While the advantages of machine learning methods for information extraction cannot be denied, they are not a panacea and their limitations should be acknowledged. One challenge is that this category of predictive models can be a “black box” whose face validity is difficult to ascertain and errors harder to correct. In our experience we have found this to be particularly problematic within the clinical domain as researchers often require precise information about the reasoning underlying the classification assigned to a data point. In this regard, rule-based models may be easier to understand and implement, especially for clinicians.

Another critical challenge is that developing predictive models, particularly for NLP, requires large amounts of training data. Preparing this annotated data can be expensive and time consuming as multiple specialists must often manually review thousands of documents.

Lastly, we must also note that this training data may be difficult to obtain for rare phenomena. It may be difficult to gather enough data to train a predictive model, even with the appropriate resources. In our experience, manual review of as many as 10,000 documents can barely yield 50 positive instances of the target phenomena. This is not sufficient to reliably train a machine learning model.


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2. Canary

To address the lack of a free NLP platform that would combine user-friendly interface with clinical face validity and support for extraction of rare concepts, we have developed Canary. Canary is designed for processing documents to support the extraction of information from natural language text using user-defined grammars and lexicons. The software, which can be downloaded for free (http://canary.bwh.harvard.edu/), guides the user through the successive steps of building a rule-based language model for identification of a particular concept or a set of concepts.

The main steps in building the language model include:

  1. A preprocessing component for performing text normalization and mapping of acronyms and synonyms; these transformations simplify the text matching process.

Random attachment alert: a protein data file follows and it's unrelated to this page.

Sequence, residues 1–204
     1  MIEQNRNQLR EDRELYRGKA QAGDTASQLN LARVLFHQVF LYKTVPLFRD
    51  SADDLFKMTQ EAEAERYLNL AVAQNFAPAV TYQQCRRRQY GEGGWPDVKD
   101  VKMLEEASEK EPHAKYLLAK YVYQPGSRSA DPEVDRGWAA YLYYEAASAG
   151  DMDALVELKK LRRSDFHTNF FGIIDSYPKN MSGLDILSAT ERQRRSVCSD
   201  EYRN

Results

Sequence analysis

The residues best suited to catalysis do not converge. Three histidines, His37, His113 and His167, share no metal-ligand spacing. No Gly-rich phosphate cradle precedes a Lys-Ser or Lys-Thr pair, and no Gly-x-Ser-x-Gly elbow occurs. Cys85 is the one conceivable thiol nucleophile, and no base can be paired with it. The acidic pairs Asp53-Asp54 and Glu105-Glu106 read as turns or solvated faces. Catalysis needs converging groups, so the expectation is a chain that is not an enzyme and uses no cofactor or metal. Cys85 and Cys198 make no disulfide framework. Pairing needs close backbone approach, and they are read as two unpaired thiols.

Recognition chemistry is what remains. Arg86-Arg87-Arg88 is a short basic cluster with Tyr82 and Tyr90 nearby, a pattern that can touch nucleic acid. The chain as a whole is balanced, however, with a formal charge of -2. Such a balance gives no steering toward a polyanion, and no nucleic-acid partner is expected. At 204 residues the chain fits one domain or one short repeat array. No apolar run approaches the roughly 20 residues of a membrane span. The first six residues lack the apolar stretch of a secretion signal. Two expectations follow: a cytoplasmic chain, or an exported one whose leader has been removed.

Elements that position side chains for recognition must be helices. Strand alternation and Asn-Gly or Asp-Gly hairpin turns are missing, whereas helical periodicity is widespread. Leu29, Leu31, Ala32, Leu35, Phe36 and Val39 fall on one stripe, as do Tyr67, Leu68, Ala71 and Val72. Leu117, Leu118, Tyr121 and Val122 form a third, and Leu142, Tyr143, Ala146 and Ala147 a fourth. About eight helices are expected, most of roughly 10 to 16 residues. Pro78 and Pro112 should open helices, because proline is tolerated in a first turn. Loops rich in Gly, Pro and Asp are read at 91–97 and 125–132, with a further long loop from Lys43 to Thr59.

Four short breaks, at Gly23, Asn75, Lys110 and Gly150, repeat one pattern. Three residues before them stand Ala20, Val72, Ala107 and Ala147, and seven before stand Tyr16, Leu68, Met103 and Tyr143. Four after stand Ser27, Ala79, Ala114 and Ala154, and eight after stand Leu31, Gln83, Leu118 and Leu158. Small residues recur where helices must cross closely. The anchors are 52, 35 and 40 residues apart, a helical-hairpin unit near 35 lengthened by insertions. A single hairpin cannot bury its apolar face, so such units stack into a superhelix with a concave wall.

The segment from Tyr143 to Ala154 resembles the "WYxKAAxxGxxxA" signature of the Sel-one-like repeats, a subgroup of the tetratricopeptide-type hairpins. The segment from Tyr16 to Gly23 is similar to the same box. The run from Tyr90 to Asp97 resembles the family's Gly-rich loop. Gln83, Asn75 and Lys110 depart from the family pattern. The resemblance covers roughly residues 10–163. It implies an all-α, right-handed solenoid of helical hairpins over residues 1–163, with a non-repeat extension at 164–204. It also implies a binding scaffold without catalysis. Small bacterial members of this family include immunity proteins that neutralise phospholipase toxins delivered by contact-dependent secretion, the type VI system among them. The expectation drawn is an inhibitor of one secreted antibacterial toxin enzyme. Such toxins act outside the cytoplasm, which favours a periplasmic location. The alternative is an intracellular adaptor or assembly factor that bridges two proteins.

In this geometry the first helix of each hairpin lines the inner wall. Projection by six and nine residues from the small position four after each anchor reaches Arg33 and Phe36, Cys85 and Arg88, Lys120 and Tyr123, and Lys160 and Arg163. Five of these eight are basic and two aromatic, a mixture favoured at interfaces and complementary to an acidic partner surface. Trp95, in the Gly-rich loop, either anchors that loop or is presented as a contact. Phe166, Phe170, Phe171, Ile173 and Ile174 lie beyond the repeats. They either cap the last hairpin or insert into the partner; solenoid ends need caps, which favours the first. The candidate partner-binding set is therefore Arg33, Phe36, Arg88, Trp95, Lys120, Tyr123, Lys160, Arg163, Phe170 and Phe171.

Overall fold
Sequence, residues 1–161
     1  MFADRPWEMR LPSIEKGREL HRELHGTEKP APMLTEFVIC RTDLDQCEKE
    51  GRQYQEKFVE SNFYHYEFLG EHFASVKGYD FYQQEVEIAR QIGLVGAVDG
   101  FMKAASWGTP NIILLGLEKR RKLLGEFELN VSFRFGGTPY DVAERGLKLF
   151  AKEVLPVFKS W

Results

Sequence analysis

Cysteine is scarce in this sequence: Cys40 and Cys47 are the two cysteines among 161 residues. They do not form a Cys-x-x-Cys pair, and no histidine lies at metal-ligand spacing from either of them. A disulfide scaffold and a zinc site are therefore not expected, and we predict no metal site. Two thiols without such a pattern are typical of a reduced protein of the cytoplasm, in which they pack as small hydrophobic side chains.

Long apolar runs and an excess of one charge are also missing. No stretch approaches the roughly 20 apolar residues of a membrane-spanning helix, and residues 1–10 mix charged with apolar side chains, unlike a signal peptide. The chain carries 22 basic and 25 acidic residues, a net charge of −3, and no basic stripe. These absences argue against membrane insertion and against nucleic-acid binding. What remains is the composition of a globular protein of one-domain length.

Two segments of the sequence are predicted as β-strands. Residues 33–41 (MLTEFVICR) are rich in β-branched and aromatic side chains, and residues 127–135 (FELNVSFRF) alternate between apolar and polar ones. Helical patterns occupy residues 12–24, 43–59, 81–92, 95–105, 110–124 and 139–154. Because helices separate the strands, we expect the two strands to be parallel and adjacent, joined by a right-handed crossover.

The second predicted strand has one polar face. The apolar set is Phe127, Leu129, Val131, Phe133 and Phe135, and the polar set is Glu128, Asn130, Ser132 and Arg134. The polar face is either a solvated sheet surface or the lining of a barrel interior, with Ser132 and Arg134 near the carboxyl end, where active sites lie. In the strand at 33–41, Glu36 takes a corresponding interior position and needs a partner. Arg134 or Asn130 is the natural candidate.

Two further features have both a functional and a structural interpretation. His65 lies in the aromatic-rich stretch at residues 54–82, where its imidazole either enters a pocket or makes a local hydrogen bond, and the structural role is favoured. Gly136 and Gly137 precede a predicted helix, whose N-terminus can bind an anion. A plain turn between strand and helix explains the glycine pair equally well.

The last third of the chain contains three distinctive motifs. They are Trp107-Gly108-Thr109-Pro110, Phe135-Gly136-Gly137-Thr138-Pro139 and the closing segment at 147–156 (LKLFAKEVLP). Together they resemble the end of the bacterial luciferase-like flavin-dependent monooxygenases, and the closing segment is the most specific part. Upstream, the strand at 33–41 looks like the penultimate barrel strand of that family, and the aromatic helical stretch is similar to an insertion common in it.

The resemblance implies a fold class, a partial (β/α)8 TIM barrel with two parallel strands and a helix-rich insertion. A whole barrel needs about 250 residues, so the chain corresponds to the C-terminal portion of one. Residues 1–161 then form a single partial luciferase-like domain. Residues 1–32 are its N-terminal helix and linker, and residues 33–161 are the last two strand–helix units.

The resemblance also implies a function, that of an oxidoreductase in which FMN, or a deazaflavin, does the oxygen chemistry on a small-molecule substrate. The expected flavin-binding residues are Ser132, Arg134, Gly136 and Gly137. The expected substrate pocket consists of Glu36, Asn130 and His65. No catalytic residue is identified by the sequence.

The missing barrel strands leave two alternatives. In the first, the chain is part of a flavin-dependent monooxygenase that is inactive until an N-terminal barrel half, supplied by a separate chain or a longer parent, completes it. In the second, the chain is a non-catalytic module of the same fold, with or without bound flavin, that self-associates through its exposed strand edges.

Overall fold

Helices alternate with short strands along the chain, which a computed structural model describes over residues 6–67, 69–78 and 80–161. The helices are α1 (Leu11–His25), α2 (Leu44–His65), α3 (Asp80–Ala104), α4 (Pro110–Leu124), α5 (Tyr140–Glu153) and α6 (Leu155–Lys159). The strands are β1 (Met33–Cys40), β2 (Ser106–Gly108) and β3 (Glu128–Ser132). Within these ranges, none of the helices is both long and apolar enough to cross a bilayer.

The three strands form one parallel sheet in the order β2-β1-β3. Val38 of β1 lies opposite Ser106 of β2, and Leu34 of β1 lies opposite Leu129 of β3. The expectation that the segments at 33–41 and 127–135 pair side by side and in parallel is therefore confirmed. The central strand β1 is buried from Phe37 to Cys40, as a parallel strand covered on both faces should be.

2. A vocabulary manager that allows design of a case-specific ontology through creation of user-specified semantic categories (word classes). This functionality plays an important role in supporting creation of high-fidelity language models beyond what’s available through standard ontologies. This approach allows inclusion of common misspellings or words that would only be in- cluded in this semantic category in the specific context of the concept being sought. For example, “call in” [a prescription to the pharmacy] can be considered a semantic equivalent of “prescribe” in the context of medication management, but would not be found in this category in a standard ontology, such as SNOMED.

  3. Creation of grammar rules that define how these word classes can be combined to form target phrases.

  4. Definition of specific conditions that must be met for information to be extracted. For example, users can specify the presence of one or more phrases, such as a medication class and adverse reaction, as an output condition.

►[Figure 1] shows the main Canary user interface and highlights the interface sections that correspond to steps 1–3 above, along with specific examples of preprocessing, vocabulary and phrase structure rules that can be created.

Zoom Image
Fig. 1 An overview of the Canary software. The main Canary user interface is shown, along with examples of preprocessing, vocabulary and phrase structure rules that can be created.